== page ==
The heart of the matter.

Signpost for Sunday 16 October 2016: Jeremiah 31:27-34; 2 Timothy 3:14 – 4:5; Luke 18:1-8.

In the last of the ten commandments we find the statement You shall not covet your neighbour’s house; you shall not covet your neighbour’s wife…  followed by a list of possessions, including slaves and animals. This tells us something about the status of wives: they were seen as possessions. A widow, without children, could be seen as a sort of possession without an owner.

It is no surprise that, since New Testament times, the commandment is abbreviated to You shall not covet. Of course the law provided protection for widows, but Jesus, later in Luke’s gospel, castigates the scribes; he says that they devour widow’s houses and, for the sake of appearance, make long prayers.

It would seem that the sort of scenario presented in the parable was familiar to the people who heard it. In the parable the persistence of the widow in asking for justice eventually works; the judge to whom she appeals eventually gives in and grants her request for justice. (There is also some hidden humour in the parable – I read that the phrase translated as wear me out is literally translatable as give me a black eye.)

One of the lessons to be drawn from this parable is the need for prayer and continuing persistence: we are informed at the beginning that was the basic purpose.  A second is that, if an unjust judge will eventually do the proper thing, even for the wrong reasons, will not God, who is righteous, do right? In the words of Abraham, “Shall not the Judge of all the earth do what is just?”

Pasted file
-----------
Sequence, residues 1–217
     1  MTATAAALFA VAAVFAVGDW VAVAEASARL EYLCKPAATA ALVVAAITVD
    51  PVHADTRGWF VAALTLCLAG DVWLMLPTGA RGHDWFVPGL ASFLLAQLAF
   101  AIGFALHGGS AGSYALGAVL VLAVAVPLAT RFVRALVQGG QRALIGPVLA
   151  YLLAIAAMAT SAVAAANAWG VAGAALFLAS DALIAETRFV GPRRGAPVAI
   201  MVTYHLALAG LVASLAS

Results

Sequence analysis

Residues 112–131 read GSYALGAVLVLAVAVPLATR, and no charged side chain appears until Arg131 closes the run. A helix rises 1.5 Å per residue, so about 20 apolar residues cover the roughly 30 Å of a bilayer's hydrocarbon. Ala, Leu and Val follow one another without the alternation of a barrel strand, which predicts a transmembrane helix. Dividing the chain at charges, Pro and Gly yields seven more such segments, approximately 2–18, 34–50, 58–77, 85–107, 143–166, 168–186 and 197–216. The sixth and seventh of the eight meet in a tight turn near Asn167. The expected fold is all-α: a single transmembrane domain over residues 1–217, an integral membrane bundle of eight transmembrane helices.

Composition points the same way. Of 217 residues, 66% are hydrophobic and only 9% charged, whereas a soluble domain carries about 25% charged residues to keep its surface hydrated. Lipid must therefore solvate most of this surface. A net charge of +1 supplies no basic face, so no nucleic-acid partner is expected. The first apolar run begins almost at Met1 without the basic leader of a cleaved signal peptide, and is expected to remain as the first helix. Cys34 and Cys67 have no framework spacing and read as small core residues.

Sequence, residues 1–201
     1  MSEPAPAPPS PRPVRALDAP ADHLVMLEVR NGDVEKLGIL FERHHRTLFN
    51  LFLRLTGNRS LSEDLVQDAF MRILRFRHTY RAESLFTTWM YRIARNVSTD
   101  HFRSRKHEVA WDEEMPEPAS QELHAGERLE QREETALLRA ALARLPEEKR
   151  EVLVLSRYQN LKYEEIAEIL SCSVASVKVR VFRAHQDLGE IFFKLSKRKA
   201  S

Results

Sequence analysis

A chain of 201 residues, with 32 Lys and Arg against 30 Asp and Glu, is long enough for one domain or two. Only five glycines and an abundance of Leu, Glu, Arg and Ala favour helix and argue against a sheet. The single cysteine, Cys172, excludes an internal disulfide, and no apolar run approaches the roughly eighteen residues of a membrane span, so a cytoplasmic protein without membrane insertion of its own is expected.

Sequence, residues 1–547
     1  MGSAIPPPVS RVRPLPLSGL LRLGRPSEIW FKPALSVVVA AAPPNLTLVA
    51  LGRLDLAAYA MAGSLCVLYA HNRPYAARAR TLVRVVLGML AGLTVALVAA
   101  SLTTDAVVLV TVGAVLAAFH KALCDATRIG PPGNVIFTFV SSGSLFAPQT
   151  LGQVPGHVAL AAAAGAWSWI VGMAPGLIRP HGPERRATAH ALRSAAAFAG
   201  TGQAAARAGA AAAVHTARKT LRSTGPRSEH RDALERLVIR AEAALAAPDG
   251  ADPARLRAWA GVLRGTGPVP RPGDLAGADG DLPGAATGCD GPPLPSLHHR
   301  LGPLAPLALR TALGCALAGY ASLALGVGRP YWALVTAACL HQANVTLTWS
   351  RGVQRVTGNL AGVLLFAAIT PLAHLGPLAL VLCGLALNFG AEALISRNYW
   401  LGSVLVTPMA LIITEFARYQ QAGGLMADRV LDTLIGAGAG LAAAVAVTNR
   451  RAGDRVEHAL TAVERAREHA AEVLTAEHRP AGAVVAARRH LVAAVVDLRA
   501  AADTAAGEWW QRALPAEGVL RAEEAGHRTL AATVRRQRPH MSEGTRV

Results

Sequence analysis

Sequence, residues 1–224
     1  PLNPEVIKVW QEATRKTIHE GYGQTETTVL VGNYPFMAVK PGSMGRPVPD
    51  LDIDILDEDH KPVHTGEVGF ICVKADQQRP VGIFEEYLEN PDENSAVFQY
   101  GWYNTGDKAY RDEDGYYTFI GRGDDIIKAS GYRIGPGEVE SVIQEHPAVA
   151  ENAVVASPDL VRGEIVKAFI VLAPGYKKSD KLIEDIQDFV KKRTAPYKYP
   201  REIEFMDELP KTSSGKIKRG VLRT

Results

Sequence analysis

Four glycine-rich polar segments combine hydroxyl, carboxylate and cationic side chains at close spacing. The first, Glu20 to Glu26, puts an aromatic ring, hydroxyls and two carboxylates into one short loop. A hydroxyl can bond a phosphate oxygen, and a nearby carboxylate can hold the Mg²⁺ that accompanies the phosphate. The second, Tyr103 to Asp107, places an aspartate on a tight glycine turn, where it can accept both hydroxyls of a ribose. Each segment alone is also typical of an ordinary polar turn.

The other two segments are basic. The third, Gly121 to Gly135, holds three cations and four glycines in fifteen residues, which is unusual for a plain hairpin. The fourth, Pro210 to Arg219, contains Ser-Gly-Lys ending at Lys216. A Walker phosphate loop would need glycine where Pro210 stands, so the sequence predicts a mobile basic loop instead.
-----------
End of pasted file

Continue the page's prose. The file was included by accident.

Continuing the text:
But as we seek justice, perhaps not so much for ourselves, but for those around us and for those in troubled parts of the world, we find ourselves immersed in a sea of complexity. Justice for some means injustice for others, and we cannot perceive a way forward. Perhaps we should take encouragement from the sorrowful prophet Jeremiah when he spoke the word of the Lord: I will put my law within them.

Is this not the way in which the justice of God will be enacted in the world?  Should we not aspire to work towards this end? Is not this the purpose of our prayers? Should we not be giving thanks for the fact that the word of the Lord is I will put my law within them?

George

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